NCPA - National Center for Policy Analysis

A Controversial Solution To Drug Addicted Babies

November 29, 2000

Babies of women who use cocaine during pregnancy are 2 to 6 times more likely to be low weight at birth, 40 times more likely to die in their first month, and those who do survive are at increased risk of life long disabilities including mental retardation, cerebral palsy, and visual and hearing impairments.

To reduce the incidence of such pregnancies, a private California-based organization called Children Requiring A Caring Kommunity (C.R.A.C.K.) has taken a controversial approach. C.R.A.C.K. gives money to women addicted to cocaine, alcohol and other drugs who undergo tubal ligations or get semi-permanent birth control.

  • Since 1997, C.R.A.C.K. has paid out more than $60,000, or $200 each, to 302 women.
  • Clients are required to provide proof of a current or previous drug addiction, and before they receive the payment, a physician, nurse or other health care provider certifies that the service was rendered.
  • Participants have a choice of method -- 148 had tubal ligations and the rest opted for birth control implants.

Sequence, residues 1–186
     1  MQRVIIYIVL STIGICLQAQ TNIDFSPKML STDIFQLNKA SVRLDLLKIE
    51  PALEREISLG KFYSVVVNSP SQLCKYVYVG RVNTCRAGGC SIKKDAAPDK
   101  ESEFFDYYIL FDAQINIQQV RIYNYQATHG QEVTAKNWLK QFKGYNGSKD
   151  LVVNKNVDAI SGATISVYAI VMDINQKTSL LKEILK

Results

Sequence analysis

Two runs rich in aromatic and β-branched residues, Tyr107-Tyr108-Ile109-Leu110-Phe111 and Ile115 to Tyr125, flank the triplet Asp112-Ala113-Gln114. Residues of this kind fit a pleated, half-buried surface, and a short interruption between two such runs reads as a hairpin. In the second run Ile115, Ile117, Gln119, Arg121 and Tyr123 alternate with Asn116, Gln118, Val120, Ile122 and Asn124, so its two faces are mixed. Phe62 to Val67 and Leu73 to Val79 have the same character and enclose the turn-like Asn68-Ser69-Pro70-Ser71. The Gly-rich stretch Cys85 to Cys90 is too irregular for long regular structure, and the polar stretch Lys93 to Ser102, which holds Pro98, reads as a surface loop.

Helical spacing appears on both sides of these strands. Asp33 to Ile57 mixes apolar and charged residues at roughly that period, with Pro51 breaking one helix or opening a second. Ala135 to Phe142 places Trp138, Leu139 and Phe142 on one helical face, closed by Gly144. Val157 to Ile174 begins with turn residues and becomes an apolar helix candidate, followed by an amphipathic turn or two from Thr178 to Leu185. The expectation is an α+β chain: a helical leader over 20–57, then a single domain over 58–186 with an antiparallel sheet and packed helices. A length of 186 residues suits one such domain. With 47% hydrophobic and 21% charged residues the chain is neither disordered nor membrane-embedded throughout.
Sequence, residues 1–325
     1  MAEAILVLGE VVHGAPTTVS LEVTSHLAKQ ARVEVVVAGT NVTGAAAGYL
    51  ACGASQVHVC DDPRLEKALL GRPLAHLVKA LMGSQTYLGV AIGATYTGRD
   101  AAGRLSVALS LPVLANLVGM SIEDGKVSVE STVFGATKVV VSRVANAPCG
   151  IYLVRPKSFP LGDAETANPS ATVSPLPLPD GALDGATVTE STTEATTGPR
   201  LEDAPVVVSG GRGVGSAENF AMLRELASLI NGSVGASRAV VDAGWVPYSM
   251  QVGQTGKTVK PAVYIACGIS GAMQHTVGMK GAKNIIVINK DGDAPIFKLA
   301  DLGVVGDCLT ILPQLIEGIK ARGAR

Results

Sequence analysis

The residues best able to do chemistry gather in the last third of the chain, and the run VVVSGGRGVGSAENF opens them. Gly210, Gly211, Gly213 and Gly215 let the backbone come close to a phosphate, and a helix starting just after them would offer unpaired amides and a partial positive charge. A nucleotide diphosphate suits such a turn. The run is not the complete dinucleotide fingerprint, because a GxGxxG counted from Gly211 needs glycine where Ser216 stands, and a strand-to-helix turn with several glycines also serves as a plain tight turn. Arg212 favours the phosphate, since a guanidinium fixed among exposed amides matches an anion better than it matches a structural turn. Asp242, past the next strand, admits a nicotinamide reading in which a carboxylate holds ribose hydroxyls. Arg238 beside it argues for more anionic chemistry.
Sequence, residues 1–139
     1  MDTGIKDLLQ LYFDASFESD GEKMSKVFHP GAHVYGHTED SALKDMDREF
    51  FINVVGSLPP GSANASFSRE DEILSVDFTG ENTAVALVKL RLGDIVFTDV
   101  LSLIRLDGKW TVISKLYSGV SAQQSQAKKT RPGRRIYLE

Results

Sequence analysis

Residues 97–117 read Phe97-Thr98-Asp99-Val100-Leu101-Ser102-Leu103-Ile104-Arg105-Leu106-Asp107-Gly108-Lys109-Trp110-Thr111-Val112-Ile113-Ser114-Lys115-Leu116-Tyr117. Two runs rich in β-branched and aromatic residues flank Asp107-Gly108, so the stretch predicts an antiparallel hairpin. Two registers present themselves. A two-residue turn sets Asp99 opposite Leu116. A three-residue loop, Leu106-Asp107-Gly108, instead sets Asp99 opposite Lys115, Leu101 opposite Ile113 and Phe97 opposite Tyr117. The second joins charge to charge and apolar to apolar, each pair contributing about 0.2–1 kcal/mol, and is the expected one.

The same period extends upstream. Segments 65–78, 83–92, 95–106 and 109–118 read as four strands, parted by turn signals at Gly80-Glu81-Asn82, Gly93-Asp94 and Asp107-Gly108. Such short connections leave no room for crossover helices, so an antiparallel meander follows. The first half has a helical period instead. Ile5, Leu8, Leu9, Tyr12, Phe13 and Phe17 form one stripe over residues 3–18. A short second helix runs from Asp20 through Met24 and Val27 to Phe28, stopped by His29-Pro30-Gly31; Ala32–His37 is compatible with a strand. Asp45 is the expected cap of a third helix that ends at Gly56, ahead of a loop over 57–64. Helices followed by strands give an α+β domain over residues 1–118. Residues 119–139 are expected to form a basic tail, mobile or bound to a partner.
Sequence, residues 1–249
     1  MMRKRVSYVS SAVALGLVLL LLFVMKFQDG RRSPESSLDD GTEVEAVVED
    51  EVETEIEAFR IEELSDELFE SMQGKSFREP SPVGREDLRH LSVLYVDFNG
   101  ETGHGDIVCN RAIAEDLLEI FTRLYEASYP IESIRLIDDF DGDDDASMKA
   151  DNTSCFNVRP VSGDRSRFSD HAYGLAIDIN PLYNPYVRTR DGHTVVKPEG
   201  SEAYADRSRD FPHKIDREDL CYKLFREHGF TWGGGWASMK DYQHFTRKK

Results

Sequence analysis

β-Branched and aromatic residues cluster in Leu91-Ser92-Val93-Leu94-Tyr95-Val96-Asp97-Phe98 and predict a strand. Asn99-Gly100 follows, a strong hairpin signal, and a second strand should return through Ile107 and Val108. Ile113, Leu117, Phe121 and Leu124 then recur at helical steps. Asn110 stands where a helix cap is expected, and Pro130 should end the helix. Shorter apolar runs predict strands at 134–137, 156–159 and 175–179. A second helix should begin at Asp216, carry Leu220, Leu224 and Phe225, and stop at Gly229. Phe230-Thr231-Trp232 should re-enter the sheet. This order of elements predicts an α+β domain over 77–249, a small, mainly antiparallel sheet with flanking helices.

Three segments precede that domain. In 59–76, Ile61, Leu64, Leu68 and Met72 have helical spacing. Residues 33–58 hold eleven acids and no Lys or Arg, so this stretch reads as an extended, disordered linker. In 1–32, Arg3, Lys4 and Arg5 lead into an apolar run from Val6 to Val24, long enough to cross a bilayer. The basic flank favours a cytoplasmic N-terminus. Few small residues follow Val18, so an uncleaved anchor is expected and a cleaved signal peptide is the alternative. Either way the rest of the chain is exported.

• The offer is open to men who have vasectomies, but so far only two have participated.

While no studies have been done on the program's long-term effects, prior to the procedures the clients had an average of 6 pregnancies and 2 abortions.

The program is voluntary and thus ethical, says C.R.A.C.K. However, critics say the program is unethical because the clients are suffering from an illness (addiction), and thus may not be able to give informed consent. Moreover, the monetary incentive lures addicts who may not be able to rationally weigh the decision.

C.R.A.C.K. has now expanded into 17 communities across the nation.

Source: Vida Foubister, "Crackdown on Drug-Addicted Pregnancies Draws Concern," Professional Issues, American Medical News, November 20, 2000.


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